“Too often, people think of knowledge management as a noun. They’re mistaken: KM is a verb, a way of getting work done.” Jeff Angus, KM MagazineTeam Work
Knowledge is more than information or documents. It is the human ability to exercise judgment facing situations, in this instance, business situations.
Employees and management should be equipped with sufficient knowledge to make the right decision for a particular set of circumstances. Business development happens in this dynamic interaction between knowledge and purposeful action.
In his article, ‘In 2014, knowledge management is an oxymoron!’ ‘, business guru Louis Tetu calls the idea of ‘knowledge management’ an oxymoron, stating that knowledge, by its very nature is alive and active and cannot necessarily be tamed even by the most stringent of management techniques.
A holistic, flexible approach is required in keeping a company’s knowledge reserves flowing and dynamic, so that the company profit lines are energised by the flow of incoming and outcoming knowledge and not hampered and limited by it.
“Knowledge is everywhere, buried in the confines of the organisation, within stovepipes of systems and silos, but also woven in the minds of people. In fact, it is people not systems who possess knowledge and decide on its relevance according to the context of what they are working on,” Louis Tetu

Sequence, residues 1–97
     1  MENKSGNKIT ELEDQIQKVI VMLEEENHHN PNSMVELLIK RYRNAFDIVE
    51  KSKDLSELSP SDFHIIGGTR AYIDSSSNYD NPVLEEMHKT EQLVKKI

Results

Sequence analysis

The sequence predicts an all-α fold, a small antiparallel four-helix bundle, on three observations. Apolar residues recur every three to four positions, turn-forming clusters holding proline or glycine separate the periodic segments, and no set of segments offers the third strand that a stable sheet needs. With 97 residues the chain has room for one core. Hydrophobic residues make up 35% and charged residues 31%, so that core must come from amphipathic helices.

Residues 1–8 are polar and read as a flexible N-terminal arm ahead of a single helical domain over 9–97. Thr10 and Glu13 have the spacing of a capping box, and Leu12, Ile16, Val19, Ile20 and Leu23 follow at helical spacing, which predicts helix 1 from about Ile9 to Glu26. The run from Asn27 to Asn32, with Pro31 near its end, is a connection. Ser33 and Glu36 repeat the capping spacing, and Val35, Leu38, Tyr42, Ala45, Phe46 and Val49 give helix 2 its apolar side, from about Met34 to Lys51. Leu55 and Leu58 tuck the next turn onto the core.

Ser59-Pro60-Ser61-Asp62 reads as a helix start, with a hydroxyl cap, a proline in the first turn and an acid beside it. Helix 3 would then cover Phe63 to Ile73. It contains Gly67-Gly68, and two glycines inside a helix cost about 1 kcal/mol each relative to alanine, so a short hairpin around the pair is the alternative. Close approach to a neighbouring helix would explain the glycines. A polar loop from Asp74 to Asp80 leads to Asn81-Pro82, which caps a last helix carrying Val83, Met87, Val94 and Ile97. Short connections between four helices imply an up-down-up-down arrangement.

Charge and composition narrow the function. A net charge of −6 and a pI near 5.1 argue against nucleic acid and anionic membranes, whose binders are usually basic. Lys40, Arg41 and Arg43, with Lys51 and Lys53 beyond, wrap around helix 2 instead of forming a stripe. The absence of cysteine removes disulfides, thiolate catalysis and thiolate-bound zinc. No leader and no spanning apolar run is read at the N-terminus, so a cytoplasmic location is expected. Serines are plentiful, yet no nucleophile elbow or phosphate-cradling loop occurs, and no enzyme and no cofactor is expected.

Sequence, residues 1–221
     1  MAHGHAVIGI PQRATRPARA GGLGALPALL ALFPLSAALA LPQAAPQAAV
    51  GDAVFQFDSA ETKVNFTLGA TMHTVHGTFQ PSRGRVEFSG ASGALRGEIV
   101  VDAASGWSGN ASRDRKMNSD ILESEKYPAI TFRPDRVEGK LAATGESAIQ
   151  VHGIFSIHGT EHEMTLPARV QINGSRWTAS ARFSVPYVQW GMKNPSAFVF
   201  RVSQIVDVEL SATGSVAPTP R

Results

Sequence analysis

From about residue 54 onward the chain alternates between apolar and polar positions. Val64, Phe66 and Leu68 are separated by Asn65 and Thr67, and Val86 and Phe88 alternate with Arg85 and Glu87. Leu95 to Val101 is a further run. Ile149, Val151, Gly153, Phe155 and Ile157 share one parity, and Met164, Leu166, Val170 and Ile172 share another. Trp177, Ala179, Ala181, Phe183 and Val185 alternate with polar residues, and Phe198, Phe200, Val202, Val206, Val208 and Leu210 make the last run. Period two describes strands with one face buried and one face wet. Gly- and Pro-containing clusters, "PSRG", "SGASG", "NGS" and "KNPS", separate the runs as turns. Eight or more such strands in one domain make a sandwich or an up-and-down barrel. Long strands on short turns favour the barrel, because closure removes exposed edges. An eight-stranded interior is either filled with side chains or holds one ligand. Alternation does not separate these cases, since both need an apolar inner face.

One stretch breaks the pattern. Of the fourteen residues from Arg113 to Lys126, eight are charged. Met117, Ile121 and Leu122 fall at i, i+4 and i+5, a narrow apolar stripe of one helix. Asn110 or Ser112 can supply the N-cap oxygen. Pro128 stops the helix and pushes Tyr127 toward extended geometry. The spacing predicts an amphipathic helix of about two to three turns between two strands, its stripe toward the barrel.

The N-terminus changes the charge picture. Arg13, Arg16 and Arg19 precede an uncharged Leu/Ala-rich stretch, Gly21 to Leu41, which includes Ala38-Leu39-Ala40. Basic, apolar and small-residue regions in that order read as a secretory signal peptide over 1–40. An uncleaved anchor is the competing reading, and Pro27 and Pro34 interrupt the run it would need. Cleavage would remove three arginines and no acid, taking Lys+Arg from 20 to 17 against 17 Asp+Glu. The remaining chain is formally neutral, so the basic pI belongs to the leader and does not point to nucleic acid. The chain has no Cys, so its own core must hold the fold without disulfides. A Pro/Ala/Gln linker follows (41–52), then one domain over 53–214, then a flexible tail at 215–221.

Because of this complex nature of knowledge, a multi-disciplinary approach to harvesting knowledge is required. Traditional methods and new methods (for example, those employing digital know-how), need to be utilised to best bolster knowledge management techniques.
Systems, as such, are unable to capture all the knowledge and experience in an organisation but through good organisational practices and tools, knowledge can be better utilised and re-used.
Such enhanced usage of knowledge will result in a noticeable change in company resources, capabilities and business strategy.
Where is your knowledge sitting and how are you tapping into those resources? Ask several of your sales staff for the top three key selling points for each of your products or services offered and compare their responses to the product owner or designer’s. How varied are these results?